Lacy: I have been saying for 5 years that Kathmandu is the wildest and craziest place that I have ever encountered in my life. Returning with Rob, even after exploring other countries in Asia this year, has not changed my opinion of this city in the slightest. If anything, it has further confirmed it since I have even more to compare it to after our travels this year. Indonesia is a little crazy and backwards and Cambodia was far more modern than we expected, but truly nothing compares to the chaos, poverty and air pollution here in Kathmandu. Rob got a crash course in experiencing what I have been recounting to him ever since I spent 4 months living and teaching here in 2013. It filled us both with a lot of joy to spend the last 2 days walking around Thamel (the tourist area) to get the necessary gear for what We believe will be our epic trek along the Annapurna Circuit in the Himalayas. You stumble into a gear shop every 3 feet here because trekking is such big business in Nepal. We purchased 2 sleeping bag liners to protect from bed bugs and be warm enough at high altitude in the teahouses we will sleep in along the way. Teahouses where we stop each evening will provide blankets and very basic accommodation as well as Dal Bhat for dinner and porridge for breakfast for approx $5 each. A rain jacket for Rob was critical (he mailed his back home with several other items when we left Kenawa months ago) since we fully expect some rain on trail during monsoon season. Batteries for headlights, power bars and medicine to combat altitude sickness. We will be climbing to 17,770 ft! There is a method to climbing this elevation – stopping to acclimatise yourself at certain points and never ascending more than 1,650 ft in one day. Altitude sickness is a concern and we will be careful along the way. The highest we have previously hiked is Mt Whitney last year in California – 14,508 ft. A second item that can ruin this trip or any trek is our feet. We have hiked enough miles to know that having the right gear on your feet is EVERYTHING. We scoured Thamel for good new hiking socks and liners. Sure, we have a few pairs with us already, but more is better in this scenario so we can make sure our feet are dry as much as possible with the rain. Preventing blisters is key. We picked up our permits yesterday at the tourism office and it really excited us both to feel “official”! Starting to feel real as we approach our anticipated start date of July 26th!!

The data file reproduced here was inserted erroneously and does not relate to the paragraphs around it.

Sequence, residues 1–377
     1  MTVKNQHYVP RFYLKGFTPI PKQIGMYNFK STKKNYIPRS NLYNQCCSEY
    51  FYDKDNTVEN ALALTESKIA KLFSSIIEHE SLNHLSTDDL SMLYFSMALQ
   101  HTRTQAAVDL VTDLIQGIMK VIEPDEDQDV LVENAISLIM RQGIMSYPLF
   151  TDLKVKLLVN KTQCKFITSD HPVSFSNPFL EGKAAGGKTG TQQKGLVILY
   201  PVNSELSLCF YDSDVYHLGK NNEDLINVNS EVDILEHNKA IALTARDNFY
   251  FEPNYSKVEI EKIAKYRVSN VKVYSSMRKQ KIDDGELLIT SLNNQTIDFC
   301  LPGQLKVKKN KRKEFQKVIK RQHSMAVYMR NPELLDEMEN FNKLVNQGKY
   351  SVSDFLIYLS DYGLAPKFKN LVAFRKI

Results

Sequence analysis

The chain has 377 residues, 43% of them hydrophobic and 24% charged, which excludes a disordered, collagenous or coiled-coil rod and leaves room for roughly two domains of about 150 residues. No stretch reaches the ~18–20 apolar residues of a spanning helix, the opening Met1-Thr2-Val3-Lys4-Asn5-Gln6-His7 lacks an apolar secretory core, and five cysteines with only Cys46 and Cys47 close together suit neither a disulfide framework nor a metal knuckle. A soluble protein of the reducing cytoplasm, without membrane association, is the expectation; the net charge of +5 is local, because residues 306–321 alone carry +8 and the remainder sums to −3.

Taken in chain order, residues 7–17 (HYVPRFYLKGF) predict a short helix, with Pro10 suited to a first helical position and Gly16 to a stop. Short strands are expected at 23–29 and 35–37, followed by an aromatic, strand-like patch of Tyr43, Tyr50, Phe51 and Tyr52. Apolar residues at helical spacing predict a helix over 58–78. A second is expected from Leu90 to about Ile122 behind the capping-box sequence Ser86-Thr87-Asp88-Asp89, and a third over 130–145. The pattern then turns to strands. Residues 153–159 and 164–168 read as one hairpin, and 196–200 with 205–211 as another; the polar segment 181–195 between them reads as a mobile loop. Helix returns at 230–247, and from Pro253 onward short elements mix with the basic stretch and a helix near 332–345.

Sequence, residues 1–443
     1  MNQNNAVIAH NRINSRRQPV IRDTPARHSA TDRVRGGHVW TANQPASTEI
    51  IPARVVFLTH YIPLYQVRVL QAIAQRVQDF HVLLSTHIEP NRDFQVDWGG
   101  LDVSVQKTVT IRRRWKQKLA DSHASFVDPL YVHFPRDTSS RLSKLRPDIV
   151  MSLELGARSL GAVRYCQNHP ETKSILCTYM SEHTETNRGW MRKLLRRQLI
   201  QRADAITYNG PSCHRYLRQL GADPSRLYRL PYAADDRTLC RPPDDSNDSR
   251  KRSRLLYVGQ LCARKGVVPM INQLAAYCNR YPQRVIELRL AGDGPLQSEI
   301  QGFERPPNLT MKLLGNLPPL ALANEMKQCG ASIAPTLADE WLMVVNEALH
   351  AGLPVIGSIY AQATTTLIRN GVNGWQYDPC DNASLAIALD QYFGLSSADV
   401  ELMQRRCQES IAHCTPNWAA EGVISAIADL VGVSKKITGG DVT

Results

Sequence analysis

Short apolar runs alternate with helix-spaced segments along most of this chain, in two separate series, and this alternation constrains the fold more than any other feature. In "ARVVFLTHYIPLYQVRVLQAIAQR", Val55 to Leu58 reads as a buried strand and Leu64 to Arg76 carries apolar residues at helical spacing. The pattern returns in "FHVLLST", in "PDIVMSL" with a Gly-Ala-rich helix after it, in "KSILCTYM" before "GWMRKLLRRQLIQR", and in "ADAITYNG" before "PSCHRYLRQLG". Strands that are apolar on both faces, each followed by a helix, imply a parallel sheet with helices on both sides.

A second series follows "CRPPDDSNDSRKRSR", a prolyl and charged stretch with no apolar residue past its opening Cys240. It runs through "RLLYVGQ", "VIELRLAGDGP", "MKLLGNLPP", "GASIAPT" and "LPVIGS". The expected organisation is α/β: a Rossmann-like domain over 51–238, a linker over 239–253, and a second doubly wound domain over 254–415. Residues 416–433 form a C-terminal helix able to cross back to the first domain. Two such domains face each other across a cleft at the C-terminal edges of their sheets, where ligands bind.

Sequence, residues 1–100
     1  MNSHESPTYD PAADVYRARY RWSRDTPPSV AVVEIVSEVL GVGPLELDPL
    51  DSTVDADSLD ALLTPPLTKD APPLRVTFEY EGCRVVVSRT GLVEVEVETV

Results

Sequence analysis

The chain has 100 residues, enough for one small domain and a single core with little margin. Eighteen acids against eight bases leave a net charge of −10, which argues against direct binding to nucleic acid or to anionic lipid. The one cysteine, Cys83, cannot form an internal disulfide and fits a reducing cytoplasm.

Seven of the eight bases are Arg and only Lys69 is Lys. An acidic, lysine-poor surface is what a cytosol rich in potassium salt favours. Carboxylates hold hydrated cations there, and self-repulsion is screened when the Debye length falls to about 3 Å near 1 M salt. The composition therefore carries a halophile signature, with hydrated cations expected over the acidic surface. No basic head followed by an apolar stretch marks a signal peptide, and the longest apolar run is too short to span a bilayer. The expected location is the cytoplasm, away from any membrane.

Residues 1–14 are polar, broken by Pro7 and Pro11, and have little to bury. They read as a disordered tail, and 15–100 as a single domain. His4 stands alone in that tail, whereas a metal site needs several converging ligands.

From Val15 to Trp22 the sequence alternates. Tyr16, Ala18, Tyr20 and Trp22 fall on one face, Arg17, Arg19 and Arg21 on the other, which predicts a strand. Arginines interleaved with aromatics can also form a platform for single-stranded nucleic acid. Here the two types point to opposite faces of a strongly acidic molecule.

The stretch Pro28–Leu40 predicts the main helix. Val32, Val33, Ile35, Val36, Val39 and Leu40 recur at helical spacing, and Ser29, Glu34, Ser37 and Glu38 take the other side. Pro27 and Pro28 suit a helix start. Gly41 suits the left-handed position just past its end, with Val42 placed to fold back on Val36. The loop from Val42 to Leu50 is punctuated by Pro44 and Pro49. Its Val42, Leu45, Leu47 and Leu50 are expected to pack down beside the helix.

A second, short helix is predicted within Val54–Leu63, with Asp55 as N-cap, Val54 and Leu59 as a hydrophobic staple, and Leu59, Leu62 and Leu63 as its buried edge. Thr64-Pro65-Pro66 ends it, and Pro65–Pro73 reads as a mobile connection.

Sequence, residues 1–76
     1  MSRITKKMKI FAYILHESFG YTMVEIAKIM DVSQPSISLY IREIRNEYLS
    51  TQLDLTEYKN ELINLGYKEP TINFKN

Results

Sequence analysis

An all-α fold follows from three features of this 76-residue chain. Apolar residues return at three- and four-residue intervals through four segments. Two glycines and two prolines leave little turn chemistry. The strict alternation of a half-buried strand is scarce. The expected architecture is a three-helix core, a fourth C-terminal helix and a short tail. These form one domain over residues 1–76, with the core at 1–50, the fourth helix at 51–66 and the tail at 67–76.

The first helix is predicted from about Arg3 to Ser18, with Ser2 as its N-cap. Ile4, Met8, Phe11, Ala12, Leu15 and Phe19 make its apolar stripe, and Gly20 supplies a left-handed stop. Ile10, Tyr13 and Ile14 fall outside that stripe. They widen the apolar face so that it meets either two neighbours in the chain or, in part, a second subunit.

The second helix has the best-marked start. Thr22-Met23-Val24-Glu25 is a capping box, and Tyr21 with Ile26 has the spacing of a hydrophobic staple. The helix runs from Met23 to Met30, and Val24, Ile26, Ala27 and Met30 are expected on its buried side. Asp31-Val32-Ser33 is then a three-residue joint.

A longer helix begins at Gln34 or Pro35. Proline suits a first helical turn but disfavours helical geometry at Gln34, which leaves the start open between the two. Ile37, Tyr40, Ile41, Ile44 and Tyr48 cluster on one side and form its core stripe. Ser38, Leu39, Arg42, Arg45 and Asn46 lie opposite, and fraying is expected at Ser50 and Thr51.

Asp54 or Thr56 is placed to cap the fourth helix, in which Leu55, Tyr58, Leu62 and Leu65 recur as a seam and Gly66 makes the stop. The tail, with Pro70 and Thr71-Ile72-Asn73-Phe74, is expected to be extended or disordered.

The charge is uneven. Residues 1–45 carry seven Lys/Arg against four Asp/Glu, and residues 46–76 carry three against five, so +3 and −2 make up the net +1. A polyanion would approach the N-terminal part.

Aside from gearing up for our 2 days in Kathmandu I also wanted to show Rob where I lived for 1 month in Swayambhu and 3 months in Kalimati. Both areas within Kathmandu, but not part of the tourist path. As such, he got a glimpse into the real local living in Nepal that I experienced when I lived here and teaching math classes and volunteering in a preschool 5 years ago. It’s intense. The dust and smog in the roads still requires me to wear a mask to prevent so much crap from getting in my throat. Even though I have been my throat still hurts. The masses and crowds of people, conditions of roads, trash in the waterways and roads rival Indonesia and Cambodia. When I returned to Dallas after experiencing what living in, not visiting, a third world country was like it changed me forever. I was so much more aware of all the things we take for granted in America. Without going on a tangent, I truly believe every person should experience life at this level somewhere other than their home country to truly understand how our actions have global impacts and just simply to be grateful for what you have and protect precious resources. The exposure to life here that I provided Rob with in such a short timeframe was a lot for him to take in. He said I gave him a bit of whiplash, but he absorbed it and we discussed how he now understood what life was like for me here five years ago and why I came back with a new perspective. A bucket list item for me was to return to Nepal with Rob and do just this, show him where I lived. I just honestly never knew if it would happen, but amazing things continue to transpire this year for us.